Khaled Ahmed


The Pakhtun culture of Pakistan lives under the concept of “tarboor”, the “cousin from the father’s side” who is supposed to kill you one day. What Pakistan and India are doing to their people, while also getting ready to hurt each other, is the disease Freud called “narcissism of the closely related”.


Pakistan is killing for blasphemy; India is killing for cow slaughter. Both are allowing people to do the killing. One is doing it under the law; the other, out of public outrage.The tarboors growl at each other even as they cleanse themselves of their internal infections.


The scholarly Indian can’t get himself heard if he says the people’s outrage the state allows is not based on historical facts. People like D.N. Jha are under attack for examining the myth of the sacred cow. A fatwa — imitating the Pakistani style of violence — of death was also passed on Jha by the extremists. The state is retreating: Haryana, Jammu and Kashmir, Jharkhand and Rajasthan punish cow-slaughter with 10 years in prison, if the mobs don’t get you first. Meat-eating Muslims get thrashed, even if the meat is not beef.

In Pakistan, you can get killed for blaspheming or cursing the Holy Prophet. The angry cleric admits there is no punishment if you curse God. The victims usually turn out to be Christians, although we would have preferred Hindus — only there aren’t many around. But Muslims get stumped if they can’t find a suitable kafir and kill fellow Muslims instead. The law helps by not bothering about “intent”, the fundamental principle behind any conviction of crime. Pakistan’s blasphemy law will put any nation to shame, but the world of Islam has taken to strange ways and lacks shame, down to the once-sane Indonesia.


Mashal Khan, a student of Abdul Wali Khan University in Mardan, located in Khyber Pakhtunkhwa province, was killed and quartered on April 13, for being “liberal” and not attending Friday mosque sermons. There was shock at the way his body was desecrated, but the anger was soon waylaid by the urge to seek a “foreign” enemy. If India didn’t kill him in cahoots with America, we were left with a hefty load of guilt for legally inciting people to kill. Those who kill on behalf of the Islamic State and al Qaeda do it as Islamic “correction” and they have those who deputise for them, like the lawyers who drool over the hand of the blasphemy-killer as they bend to kiss it.


According to the counter-terrorism department of the Sindh police, profiles of 500 jailed militants indicate psychological problems among the 40 per cent from poor, lower middle-class backgrounds, motivated by a “hatred of the West and India”. Mashal Khan was innocently deifying a somewhat passé Che Guevara and thinking loudly of revolution.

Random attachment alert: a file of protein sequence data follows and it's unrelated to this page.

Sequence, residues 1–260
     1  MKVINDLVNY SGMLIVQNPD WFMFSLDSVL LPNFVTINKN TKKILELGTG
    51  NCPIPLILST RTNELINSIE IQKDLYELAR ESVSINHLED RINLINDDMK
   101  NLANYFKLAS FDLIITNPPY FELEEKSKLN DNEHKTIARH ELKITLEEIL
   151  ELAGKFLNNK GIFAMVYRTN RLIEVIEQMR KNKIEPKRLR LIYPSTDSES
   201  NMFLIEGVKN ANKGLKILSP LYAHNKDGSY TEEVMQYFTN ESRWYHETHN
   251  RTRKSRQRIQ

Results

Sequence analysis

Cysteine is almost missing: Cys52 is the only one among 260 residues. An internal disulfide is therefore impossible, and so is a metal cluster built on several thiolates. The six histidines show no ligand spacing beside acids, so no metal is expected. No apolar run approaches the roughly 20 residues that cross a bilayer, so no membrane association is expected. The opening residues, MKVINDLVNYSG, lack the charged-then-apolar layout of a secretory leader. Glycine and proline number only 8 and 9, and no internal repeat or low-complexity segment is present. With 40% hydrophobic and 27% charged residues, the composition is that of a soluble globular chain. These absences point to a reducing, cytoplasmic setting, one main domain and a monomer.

But within a week, three burqa-clad sisters shot a man dead in Sialkot. Naureen, a medical student from Hyderabad in Sindh, was caught in Lahore before she could suicide-bomb a church on Easter. She thought she was working for Islam after taking training in Syria as a jihadi wife.


The man in Sialkot killed by the girls had been accused of blasphemy 13 years ago, before he understandably fled Pakistan. When he returned, it was not the police who got after him but three pious burqa-clad sisters who wanted paradise; this time, no one even condemned their act. They will probably be punished lightly. The state should stay clear of hanging them for murder because that will draw crowds on the streets of Sialkot, until a grand mausoleum is built for the sisters, commemorating their pious deed.


Sialkot is particularly vulnerable. In 2016, eight boys from there reached Syria as soldiers of the Islamic State, all from the Jamaat-ud-Dawa of the great warrior that takes on India in Kashmir. At the time, Punjab Law Minister Rana Sanaullah said, “There must be less than 100, maybe 50, Pakistanis who have left for Syria.” Soon, the anti-terrorism department raided Sialkot and arrested Daesh-Islamabad leader, Amir Mansour, who recruited local youths for Rs 30,000 to Rs 50,000 per head to send to Syria “for training”.


In India, it would seem that it is convenient to kill Muslims because they are known to be non-vegetarian, but in Pakistan, it is easier to kill Christians, plus you get to squat on the property of the blasphemer. The tarboors need to kill each other. They can do it easily by nuking each other, but since that is not possible for a variety of reasons, including the world’s obsession with the conservation of nature, they can settle for killing Muslims in India and Christians in Pakistan.


I suggest “liberals” be added to the list as this renegade category is found in both the countries standing in the way of the fulfilments leaders like Gandhi and Jinnah had forgotten to promise.

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